Four and a half years after the body of Jeanine Copus was found under a pile of rocks north of Ojai, the man accused of killing her went on trial for murder Monday in Ventura County Superior Court.
Thomas Gottschalk, 49, is accused of firing two .25-caliber bullets into the back of Copus' head on July 31, 1986, and burying her under rocks in Matilija Canyon. He was the prime suspect almost immediately after the body was found about three weeks later, investigators say, but he eluded arrest until August, 1988, when a traffic officer stopped his car in Utah.
For the Record
Los Angeles Times Wednesday February 13, 1991 Ventura County Edition Metro Part B Page 4 Column 1 Zones Desk 1 inches; 28 words Type of Material: Correction
Murder trial--An article Tuesday on the murder trial of Thomas Gottchalk incorrectly identified his alleged victim. Gottchalk is accused of killing Jean Ellen Eubanks, 34, of Middletown, Calif.
In his opening statement, Deputy Dist. Atty. Richard Holmes told jurors that a thick web of circumstantial evidence will show that Gottschalk "is the only person who could have killed her."
But Gottschalk's attorney, Deputy Public Defender J. Steven Davidson, said he will show by direct evidence that about two weeks after Gottschalk is accused of killing Copus, she was seen getting into a pickup truck in Ojai.
Copus, 33, met Gottschalk in Middletown, a small town north of Napa, when she dated his roommate, Holmes said. She and Gottschalk spent a week in Ventura in June, 1986, as she unsuccessfully looked for work. They returned the following month to pick up a car she had stored.
On the morning of July 31, Copus told her 15-year-old daughter, Nina, to pack their belongings because they were returning to Middletown, Holmes said. Then she left with Gottschalk.
It was the last time anyone saw her alive, Holmes said.
He said he will present evidence that:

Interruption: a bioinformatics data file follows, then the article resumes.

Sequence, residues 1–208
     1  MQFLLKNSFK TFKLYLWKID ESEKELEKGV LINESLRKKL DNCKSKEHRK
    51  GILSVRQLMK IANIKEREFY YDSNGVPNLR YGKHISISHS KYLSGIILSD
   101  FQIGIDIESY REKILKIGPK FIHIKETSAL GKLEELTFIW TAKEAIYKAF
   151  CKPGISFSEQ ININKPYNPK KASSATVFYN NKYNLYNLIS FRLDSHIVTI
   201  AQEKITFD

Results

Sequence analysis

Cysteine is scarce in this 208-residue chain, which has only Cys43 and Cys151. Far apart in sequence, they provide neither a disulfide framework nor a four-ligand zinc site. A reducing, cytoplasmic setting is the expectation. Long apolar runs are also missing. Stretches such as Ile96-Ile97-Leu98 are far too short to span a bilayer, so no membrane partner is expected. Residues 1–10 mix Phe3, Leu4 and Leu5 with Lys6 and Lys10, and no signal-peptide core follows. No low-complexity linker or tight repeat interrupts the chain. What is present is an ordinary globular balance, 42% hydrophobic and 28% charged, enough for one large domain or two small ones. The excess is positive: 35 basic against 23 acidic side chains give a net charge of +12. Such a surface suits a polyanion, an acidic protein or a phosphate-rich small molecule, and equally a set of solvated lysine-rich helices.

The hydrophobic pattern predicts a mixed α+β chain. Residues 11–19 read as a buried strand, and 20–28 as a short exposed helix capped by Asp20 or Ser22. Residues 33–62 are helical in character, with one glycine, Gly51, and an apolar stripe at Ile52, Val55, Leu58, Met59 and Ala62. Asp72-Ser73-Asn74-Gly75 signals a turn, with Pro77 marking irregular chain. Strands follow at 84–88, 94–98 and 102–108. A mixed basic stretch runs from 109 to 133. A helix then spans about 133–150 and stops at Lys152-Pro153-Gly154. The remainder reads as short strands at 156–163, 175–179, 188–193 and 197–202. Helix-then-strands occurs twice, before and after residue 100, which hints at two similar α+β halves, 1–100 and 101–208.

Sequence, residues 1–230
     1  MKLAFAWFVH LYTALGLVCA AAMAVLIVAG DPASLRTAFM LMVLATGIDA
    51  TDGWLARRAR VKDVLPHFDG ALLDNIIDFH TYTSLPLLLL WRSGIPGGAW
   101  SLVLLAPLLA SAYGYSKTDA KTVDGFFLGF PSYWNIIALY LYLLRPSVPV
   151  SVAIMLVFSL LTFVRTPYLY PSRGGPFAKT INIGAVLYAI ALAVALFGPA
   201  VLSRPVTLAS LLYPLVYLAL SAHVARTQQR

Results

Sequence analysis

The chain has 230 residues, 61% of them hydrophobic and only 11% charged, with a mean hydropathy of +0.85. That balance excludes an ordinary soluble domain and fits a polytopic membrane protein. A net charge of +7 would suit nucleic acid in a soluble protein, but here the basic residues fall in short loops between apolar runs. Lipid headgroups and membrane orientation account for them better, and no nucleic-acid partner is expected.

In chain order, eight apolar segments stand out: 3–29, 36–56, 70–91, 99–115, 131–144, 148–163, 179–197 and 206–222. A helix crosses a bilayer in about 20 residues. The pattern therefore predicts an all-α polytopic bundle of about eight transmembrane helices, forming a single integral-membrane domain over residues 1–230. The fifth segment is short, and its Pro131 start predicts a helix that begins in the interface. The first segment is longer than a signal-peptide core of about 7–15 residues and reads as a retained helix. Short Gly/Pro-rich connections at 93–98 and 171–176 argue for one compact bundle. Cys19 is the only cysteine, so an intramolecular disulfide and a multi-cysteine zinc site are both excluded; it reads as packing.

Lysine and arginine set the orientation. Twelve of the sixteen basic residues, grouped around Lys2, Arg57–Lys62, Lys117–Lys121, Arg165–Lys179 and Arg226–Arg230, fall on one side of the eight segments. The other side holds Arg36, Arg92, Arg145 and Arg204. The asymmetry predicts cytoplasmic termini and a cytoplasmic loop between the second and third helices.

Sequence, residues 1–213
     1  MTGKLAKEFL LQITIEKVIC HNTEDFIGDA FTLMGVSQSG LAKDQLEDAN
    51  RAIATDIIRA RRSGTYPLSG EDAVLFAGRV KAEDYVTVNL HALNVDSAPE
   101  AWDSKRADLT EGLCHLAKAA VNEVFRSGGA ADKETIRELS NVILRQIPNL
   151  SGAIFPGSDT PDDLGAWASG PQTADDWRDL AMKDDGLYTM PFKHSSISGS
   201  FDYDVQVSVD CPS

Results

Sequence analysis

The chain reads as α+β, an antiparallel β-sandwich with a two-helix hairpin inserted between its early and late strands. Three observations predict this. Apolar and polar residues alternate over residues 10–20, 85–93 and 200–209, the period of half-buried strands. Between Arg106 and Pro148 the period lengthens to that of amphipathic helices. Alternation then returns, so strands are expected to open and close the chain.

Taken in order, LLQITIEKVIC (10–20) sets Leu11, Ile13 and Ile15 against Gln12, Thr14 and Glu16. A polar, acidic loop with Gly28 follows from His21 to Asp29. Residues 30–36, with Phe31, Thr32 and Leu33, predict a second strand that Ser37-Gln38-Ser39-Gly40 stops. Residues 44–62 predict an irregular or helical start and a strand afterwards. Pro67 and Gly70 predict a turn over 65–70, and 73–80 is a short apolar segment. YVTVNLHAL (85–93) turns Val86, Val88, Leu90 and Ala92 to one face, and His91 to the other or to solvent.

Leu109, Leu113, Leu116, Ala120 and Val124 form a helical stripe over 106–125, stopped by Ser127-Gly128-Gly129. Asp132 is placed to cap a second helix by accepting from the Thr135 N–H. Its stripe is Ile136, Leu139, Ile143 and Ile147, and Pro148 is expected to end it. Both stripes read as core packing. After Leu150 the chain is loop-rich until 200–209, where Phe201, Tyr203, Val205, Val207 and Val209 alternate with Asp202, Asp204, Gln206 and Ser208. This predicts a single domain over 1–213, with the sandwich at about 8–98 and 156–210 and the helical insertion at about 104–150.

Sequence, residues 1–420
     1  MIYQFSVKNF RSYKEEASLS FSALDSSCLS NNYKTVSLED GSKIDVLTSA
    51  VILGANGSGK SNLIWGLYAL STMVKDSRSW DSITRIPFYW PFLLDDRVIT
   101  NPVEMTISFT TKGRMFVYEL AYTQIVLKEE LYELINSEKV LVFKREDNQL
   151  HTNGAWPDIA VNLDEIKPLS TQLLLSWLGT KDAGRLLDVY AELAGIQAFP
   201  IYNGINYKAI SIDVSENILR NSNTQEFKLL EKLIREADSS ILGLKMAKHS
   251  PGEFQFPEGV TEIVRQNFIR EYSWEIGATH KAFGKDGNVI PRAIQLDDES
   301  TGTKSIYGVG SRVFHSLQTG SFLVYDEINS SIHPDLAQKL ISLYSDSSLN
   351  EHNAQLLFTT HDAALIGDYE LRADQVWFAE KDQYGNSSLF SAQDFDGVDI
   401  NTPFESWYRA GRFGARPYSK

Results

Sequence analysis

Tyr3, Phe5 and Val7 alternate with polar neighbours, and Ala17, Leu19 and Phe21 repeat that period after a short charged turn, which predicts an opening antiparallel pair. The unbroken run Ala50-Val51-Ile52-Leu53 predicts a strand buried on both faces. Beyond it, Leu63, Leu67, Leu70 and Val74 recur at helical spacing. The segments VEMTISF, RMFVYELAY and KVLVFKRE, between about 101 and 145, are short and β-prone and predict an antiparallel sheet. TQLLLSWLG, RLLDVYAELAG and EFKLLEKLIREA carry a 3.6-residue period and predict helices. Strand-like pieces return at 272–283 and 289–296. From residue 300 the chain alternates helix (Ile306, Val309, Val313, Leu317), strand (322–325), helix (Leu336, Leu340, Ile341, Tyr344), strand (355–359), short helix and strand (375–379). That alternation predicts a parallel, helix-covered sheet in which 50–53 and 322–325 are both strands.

* Although no murder weapon has been found, Gottschalk owned a .25-caliber automatic before and after the crime.
* The bullets that killed Copus had an unusual manufacturing defect, and Gottschalk had bought ammunition with the same characteristics.
* Gottschalk used to swim at the same spot in Matilija Canyon where the body was found.
* When he returned to the motel where Copus' daughter was waiting, Gottschalk told the girl that they had stopped at the storage yard where Copus left her car and that she had left with two men who helped her get it started. But computer records from the yard indicate that nobody visited their storage spot that day.
* Only Gottschalk or someone else who knew the security code at the storage yard could have removed her car, which was found about two months later in Oxnard.
* Some of Copus' belongings that had been stored in the car were found in a canyon near Vernal, Utah, 10 days after she disappeared. Gottschalk had spent the two previous nights in Vernal, where he once had lived.
Holmes did not specify a motive for the slaying, but he said Copus had been carrying more than $2,000 in cash received as compensation for a work injury. When her body was found, her pockets had been turned inside out.
In presenting the defense case, Davidson said the evidence against Gottschalk is "largely, if not entirely circumstantial" and is "incredibly misleading."
He said his client is not the only person who knew the spot where the body was found. He described it as a popular swimming area, as shown by a pile of litter gathered as evidence.
The man who found the body Aug. 23 had been there two weeks earlier and had not noticed the pile of rocks, Davidson said. That would have been Aug. 9, nine days after prosecutors say Copus was killed.
Davidson said Copus' sister has said she got a call from the victim on July 31 and that Copus said she was going to party with two men she had just met. He said three witnesses will testify that they saw Copus after the day she supposedly was murdered, and four others will say they saw a woman who fit her description.
The attorney implied that investigators had focused immediately on Gottschalk and had failed to pursue other leads. For example, he said, witnesses said they had seen a woman of Copus' description near Ojai more than a week after she disappeared, but they were not shown her photo.
Superior Court Judge James M. McNally is hearing the trial, which is expected to last six weeks. Jury selection took 11 days and more than 150 prospective jurors were interviewed before a panel of eight men and four women, plus two male alternates, was sworn.